The Illusion of Control: Does Interactivity Make a Story More Engaging?
In the late 1970s, a computer game called Colossal Cave Adventure became the first-known work of interactive fiction. Since then, video games have always — inherently — been about making choices. But deciding whether to A) jump over, or B) duck under, a projectile feels relatively low-stakes compared to sculpting a character’s relationships, moral compass or identity. When a decision holds moral weight, it’s no longer just a reaction. Instead, players must consider consequences that extend beyond the immediate moment.
But does this illusion of control allow for a more engrossing narrative experience? The folks over at Netflix think so. After releasing a few interactive programs aimed at kids, the streaming platform doubled down, launching an interactive, one-off episode of its Black Mirror series called Black Mirror: Bandersnatch (2018).
In Bandersnatch, Stefan, a fledgling programmer, works tirelessly on a text-based computer game with a branching narrative. (Think choose-your-own-adventure novel, but with more typing.) As he programs more paths, Stefan struggles with his own mental health and becomes consumed by the idea of free will.
This meta-dissection of the illusion of control amplifies intriguing questions surrounding the rise of interactive storytelling, both in games and cinema. Namely, does being actively implicated in a narrative experience make said experience resonate more deeply with the participant?
Narrative-Driven Games Emulate Cinema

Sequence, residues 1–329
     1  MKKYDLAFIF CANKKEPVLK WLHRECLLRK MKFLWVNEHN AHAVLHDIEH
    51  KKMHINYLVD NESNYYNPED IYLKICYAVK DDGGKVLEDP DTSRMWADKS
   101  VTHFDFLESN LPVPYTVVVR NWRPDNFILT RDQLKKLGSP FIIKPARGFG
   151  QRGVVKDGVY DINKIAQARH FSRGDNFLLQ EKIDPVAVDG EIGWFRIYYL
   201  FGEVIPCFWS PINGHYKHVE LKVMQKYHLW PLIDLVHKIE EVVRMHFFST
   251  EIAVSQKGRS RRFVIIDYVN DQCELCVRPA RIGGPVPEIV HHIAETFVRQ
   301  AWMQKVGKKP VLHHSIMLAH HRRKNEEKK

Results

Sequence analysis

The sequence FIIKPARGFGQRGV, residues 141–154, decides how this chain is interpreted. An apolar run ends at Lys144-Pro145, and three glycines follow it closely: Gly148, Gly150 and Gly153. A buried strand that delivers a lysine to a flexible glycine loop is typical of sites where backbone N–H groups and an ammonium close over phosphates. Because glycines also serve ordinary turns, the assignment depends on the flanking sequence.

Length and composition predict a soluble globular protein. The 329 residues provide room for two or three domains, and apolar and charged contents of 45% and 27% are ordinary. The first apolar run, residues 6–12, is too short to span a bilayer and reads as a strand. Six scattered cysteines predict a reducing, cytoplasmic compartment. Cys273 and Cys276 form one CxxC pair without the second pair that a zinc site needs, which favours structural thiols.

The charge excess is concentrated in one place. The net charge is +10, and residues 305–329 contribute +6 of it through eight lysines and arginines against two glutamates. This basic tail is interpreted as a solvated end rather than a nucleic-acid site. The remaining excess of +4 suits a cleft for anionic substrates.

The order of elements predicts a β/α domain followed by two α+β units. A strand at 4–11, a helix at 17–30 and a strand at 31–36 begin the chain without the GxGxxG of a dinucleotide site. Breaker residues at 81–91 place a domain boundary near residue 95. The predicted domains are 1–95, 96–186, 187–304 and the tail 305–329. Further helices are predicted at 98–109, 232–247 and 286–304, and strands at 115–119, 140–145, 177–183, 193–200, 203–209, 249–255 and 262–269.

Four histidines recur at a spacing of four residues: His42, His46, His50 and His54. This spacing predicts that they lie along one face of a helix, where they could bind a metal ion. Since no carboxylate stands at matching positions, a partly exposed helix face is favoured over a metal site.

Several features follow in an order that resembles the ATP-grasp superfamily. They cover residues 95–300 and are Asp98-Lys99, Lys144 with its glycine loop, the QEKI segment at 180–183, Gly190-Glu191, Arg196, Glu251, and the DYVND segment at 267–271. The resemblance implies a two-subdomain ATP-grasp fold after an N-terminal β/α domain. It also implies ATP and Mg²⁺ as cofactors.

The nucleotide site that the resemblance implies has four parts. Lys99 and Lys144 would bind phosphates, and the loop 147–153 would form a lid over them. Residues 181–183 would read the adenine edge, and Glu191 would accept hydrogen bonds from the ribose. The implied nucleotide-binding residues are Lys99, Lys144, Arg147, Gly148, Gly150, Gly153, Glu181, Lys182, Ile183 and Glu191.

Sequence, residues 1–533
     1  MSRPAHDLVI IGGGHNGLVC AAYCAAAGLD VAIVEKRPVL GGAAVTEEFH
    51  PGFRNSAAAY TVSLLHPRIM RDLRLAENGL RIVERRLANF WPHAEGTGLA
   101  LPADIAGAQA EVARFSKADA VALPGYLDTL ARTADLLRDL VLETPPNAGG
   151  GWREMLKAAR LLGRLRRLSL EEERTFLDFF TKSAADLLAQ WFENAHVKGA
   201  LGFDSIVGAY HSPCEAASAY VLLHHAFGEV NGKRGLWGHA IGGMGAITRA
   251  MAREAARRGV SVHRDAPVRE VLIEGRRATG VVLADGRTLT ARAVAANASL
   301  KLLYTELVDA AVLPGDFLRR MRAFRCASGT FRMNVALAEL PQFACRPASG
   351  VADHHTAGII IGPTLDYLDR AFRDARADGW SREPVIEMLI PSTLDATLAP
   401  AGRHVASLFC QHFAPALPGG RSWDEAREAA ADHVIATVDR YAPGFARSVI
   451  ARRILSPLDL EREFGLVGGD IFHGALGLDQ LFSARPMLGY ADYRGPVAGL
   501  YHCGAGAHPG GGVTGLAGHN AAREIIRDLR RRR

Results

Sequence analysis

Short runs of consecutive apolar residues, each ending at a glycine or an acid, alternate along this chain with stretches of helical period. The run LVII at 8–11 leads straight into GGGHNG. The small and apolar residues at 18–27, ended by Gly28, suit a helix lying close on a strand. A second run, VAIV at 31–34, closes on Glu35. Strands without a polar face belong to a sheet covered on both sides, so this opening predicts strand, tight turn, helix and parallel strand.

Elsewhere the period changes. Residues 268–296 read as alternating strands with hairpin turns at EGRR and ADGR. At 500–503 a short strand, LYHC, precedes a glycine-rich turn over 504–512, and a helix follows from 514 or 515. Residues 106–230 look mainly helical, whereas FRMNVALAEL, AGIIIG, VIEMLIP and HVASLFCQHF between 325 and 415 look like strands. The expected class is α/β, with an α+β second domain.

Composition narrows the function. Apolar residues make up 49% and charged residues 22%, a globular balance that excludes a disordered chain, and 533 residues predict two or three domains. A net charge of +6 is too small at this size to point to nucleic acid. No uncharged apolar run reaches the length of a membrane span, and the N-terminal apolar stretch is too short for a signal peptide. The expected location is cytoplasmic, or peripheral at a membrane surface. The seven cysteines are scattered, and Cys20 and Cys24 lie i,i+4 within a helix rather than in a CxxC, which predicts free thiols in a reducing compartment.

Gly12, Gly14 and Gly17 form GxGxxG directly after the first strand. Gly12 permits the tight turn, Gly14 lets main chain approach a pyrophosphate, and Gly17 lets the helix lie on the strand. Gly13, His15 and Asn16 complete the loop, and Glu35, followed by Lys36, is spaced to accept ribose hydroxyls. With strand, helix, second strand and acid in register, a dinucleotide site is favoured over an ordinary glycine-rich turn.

Innovations in technology allowed games of the late 1990s to break new narrative ground, as seen in titles like Metal Gear Solid (1998), Silent Hill (1999) and The Legend of Zelda: Ocarina of Time (1998). Of all these epic, narrative-driven games, one stands out: Square’s 1997 role-playing game (RPG), Final Fantasy VII (FFVII).
Rebelling Against Linear Narratives
However, games like FFVII were still critiqued for being linear. Apart from a few side missions, the narrative followed a single, predetermined path with little room for player choice. With the release of Rockstar’s Grand Theft Auto III (GTA III) in 2001, the pendulum swung in a new direction. Instead of emphasizing control, GTA III aimed to give players freedom — and the tools to harness it.
The Bandersnatch Parable
Both Netflix’s Bandersnatch and a 2011 game called The Stanley Parable are meta-attempts to understand the role of predestination in interactive stories. Both titles wonder how much — if any — control players actually exert over a narrative. In The Stanley Parable, there’s no combat or action-based sequences. Instead, the player searches a surreal office environment, choosing to either adhere to what the narrator says the titular character will do next, or rebel.